The purpose of the story is to criticize the lack of faith in Israel by religious leaders, especially the Jewish elders present in the story, claiming that their faith can’t compare to even the hated centurion. Jesus is criticizing religious leaders, the very ones that cooperate with and legitimize centurions. By falling for “the good guy centurion” and lifting him up as an example to follow, the preacher and interpreter are choosing the side of the Jewish elders in Luke 7 against Jesus.

A plea to preachers and interpreters: stop praising the centurion. Stop taking the side of hypocritical religious leaders and join Jesus in scandalously criticizing your colleagues who side with oppressors. Make sure people understand who the centurion is and what he represents. And if you’re in the pews and your pastor makes this mistake, maybe try Jesus’s strategy, praise the faith of an enemy foreign military leader and call it greater than that of your pastor. But, be careful. They might throw you off a cliff.

The Wisdom of Suleiman

Every day when I leave for work, my mom packs my lunch. Even though I work alone, she packs a lunch for two. I might meet someone along the way who has nothing to eat, and this way, we can eat together.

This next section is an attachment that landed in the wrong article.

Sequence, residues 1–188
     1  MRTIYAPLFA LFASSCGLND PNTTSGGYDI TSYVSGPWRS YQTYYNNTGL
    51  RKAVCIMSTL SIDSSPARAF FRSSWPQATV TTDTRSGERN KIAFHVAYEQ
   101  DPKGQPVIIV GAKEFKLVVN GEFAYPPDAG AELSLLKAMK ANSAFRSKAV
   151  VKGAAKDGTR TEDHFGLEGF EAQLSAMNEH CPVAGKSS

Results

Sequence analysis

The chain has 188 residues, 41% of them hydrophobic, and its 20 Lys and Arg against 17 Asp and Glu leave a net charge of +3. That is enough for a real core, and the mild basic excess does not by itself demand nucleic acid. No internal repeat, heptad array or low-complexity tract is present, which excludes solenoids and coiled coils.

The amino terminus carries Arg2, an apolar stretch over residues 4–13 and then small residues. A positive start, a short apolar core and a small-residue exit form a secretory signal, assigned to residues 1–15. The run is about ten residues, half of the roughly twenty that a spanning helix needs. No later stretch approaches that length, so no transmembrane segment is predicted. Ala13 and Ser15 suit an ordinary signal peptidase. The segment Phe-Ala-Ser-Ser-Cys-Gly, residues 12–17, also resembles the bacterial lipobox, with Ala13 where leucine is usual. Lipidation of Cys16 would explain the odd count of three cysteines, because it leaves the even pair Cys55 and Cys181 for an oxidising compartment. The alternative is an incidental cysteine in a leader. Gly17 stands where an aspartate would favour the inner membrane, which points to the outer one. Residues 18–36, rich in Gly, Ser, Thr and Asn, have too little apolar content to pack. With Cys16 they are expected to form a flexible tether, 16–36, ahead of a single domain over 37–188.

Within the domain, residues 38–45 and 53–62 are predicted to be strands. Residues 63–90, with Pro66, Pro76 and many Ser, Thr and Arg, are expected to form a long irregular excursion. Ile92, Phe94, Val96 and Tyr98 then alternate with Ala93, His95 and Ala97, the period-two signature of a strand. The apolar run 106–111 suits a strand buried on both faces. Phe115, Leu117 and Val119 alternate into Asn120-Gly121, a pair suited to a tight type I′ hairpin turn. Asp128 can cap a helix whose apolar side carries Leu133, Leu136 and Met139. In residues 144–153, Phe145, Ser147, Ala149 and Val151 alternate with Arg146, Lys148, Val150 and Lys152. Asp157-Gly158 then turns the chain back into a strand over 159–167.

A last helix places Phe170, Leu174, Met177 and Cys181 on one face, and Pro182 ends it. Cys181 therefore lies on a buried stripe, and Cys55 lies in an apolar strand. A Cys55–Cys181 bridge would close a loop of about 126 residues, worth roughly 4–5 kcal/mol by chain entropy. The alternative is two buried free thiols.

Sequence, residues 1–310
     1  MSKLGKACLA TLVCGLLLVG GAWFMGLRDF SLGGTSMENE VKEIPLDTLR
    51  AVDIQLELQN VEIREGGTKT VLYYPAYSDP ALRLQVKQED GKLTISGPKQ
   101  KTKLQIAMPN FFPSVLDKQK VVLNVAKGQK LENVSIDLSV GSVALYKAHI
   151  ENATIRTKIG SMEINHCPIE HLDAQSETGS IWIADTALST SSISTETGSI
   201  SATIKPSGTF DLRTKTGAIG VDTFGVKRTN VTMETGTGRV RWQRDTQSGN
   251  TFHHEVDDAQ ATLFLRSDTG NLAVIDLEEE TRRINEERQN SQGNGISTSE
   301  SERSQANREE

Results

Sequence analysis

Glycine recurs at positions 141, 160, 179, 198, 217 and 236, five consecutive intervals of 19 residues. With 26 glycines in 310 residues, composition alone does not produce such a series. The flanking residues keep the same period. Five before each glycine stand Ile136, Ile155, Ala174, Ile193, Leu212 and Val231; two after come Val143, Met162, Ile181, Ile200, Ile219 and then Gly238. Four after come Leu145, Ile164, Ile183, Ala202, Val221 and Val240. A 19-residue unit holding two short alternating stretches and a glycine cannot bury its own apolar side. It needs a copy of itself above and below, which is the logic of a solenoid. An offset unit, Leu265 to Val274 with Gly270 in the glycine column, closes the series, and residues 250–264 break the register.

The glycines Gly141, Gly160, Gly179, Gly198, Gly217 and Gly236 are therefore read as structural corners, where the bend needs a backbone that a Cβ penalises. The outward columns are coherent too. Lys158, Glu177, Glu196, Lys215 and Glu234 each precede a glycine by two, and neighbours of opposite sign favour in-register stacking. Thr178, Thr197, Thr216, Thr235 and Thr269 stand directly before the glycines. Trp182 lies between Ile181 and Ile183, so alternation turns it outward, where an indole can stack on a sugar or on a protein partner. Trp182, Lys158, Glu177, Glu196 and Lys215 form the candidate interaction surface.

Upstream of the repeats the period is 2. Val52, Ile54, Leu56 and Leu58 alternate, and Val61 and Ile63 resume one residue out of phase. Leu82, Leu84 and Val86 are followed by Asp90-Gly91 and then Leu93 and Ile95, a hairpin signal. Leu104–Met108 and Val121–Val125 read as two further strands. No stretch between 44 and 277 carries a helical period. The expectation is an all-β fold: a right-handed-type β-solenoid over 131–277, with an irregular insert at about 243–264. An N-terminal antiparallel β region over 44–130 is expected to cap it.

I met Suleiman, a Jordanian Bedouin, on a weekend of hiking in southern Jordan. Suleiman lives in the middle of two very different worlds, as a Bedouin living a traditional semi-nomadic life with his family herding animals and as a tour guide for hikers traveling through southern Jordan’s desert mountains. I asked him if he liked his job as a tour guide. “No” he said looking down at the ground. After a pause or two, he looked up with a dry smile, “I love it.”

While guiding hikers and tourists on anything from a leisurely walk around the local ecolodge to multi-day hikes over desert mountains while sleeping under the stars, Suleiman tells those who walk with him about desert life. He describes plants and animals. He tells you what kind of wood is best for cooking or to burn to keep away insects. He shows you how to make “Bedouin soap” using ground up bits of plants and a small amount of water. He describes the mountain, the spring or the wadi, which all function as his second home when out with his flock. But mostly, Suleiman talks to you about life, about local Bedouin values and beliefs, and encourages you to take with you photos and lessons alongside a people who have lived this way for thousands of years.

As you walk, you learn that he isn’t just telling stories. He actually carries extra food with him. And when you happen upon a stranger out in the desert, he invites you to live out his stories of Bedouin life for yourself.